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Comcast Corp., the country's largest Internet service provider, is going to start charging extra when customers go over a certain monthly data limit.
That limit, however, is very high, starting at 300 gigabytes for basic Internet plans. Only a tiny fraction of Internet users use that much data in a month.
Comcast Corp. said Thursday that it will test charging $10 for every 50 gigabytes over that limit.
Comcast has previously limited use to 250 gigabytes per month, but hasn't charged those who exceed that limit. Instead, it's warned them, and threatened repeat offenders with cancellation of their service.
Other home Internet service providers like Time Warner Cable and AT&T have experimented with lower data caps and charges for going over limits, but abandoned those after meeting fierce resistance from consumers and politicians.
Internet service providers say they need to have some sort of cap to prevent "data hogs" from slowing down service for everyone.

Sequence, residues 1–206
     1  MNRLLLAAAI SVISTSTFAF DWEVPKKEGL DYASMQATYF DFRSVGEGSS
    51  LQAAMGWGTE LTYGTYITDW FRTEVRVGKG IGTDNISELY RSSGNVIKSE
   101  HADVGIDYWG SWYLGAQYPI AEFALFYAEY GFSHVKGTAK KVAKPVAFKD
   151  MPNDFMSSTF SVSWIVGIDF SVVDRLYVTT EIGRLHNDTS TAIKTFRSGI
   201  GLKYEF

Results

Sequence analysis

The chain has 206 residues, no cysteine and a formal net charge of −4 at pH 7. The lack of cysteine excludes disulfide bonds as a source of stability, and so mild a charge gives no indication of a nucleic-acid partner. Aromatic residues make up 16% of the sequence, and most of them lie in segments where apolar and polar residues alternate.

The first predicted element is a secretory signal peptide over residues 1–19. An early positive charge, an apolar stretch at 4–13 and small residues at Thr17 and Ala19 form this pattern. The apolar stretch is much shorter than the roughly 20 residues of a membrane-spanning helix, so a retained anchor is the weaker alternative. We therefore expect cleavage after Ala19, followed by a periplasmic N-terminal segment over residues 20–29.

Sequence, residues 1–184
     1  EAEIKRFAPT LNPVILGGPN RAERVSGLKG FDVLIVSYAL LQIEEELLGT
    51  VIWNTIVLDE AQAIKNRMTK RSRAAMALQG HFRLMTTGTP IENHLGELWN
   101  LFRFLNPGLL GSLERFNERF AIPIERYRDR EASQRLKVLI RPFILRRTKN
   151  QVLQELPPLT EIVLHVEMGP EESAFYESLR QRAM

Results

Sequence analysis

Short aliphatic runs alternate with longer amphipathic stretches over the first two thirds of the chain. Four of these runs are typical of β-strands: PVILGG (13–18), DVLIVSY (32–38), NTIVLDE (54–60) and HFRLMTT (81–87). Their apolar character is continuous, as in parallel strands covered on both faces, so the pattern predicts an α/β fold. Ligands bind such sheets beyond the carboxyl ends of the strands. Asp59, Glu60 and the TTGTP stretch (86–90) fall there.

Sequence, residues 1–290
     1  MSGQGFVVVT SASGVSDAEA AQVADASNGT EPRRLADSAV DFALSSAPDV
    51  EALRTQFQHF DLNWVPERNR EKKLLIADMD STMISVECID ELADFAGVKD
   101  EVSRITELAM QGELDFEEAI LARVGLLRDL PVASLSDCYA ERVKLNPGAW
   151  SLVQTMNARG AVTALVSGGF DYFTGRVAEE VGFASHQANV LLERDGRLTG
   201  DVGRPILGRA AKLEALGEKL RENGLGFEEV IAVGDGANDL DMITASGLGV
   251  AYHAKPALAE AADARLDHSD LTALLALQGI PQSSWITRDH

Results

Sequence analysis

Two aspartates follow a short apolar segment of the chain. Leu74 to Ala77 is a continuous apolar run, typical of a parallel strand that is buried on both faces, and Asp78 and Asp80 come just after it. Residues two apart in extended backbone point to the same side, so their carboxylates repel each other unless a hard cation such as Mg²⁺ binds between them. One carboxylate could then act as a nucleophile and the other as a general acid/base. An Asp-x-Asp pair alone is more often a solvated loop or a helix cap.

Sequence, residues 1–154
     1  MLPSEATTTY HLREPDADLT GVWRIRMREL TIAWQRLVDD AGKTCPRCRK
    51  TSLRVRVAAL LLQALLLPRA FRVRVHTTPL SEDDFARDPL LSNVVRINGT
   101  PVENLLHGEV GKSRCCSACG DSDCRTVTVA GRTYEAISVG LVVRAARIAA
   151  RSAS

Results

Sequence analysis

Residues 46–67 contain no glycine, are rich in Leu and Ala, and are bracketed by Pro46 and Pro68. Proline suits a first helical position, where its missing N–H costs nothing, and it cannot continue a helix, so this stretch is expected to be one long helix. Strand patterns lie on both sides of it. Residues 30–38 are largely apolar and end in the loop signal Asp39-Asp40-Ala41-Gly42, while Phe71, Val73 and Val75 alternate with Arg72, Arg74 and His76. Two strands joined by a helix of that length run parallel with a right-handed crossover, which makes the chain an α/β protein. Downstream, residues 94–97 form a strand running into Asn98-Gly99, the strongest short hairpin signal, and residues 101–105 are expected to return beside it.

Comcast said it will be testing the new approach in a few areas. In the meantime, Comcast is abolishing the 250 gigabyte cap, even where it's testing out the new approach.
David Cohen, an executive video president of Comcast, said the new, more flexible approach should help customers get wider access to Internet content, without a hard cut-off.
Data caps are seen as inhibiting the growth of non-cable video services like Netflix Inc., which uses a lot of data. However, Comcast's 300 gigabyte cap is high enough to deter only the very movie-hungriest Netflix users: It's enough to stream about 10 hours of Netflix content per day for a month.
Sandvine Corp., a company what supplies traffic measurement and management equipment to cable companies, says North American households are consuming an average of 32 gigabytes of data per month. A few households account for much of that usage, though: The median figure is much lower, at 10.3 gigabytes.
Comcast's own Netflix-like service, Xfinity TV, doesn't count against the data cap when it's viewed on its app on the Xbox game console. That has raised questions about whether Comcast is unfairly favoring its own product over those of competitors like Netflix. Comcast says the reason Xfinity TV doesn't count is that the video doesn't come from the Internet, but from Comcast's own equipment.
Video from XfinityTV.com does count toward the limit.
Comcast, which is based in Philadelphia, has 18.6 million Internet subscribers, accounting for nearly one in every four U.S. households with broadband.